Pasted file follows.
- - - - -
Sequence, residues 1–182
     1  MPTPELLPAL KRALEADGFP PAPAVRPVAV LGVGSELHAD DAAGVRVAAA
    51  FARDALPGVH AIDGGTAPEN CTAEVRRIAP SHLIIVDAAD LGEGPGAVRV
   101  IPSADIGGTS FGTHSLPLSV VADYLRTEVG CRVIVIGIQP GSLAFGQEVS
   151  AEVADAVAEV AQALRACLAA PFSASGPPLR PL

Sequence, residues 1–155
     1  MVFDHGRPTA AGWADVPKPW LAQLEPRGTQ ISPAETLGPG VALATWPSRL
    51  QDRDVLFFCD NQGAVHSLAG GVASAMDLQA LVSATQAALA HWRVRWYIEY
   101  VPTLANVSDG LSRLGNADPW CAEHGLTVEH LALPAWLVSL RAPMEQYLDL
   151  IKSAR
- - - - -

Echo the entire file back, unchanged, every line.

Sequence, residues 1–182
     1  MPTPELLPAL KRALEADGFP PAPAVRPVAV LGVGSELHAD DAAGVRVAAA
    51  FARDALPGVH AIDGGTAPEN CTAEVRRIAP SHLIIVDAAD LGEGPGAVRV
   101  IPSADIGGTS FGTHSLPLSV VADYLRTEVG CRVIVIGIQP GSLAFGQEVS
   151  AEVADAVAEV AQALRACLAA PFSASGPPLR PL

Sequence, residues 1–155
     1  MVFDHGRPTA AGWADVPKPW LAQLEPRGTQ ISPAETLGPG VALATWPSRL
    51  QDRDVLFFCD NQGAVHSLAG GVASAMDLQA LVSATQAALA HWRVRWYIEY
   101  VPTLANVSDG LSRLGNADPW CAEHGLTVEH LALPAWLVSL RAPMEQYLDL
   151  IKSAR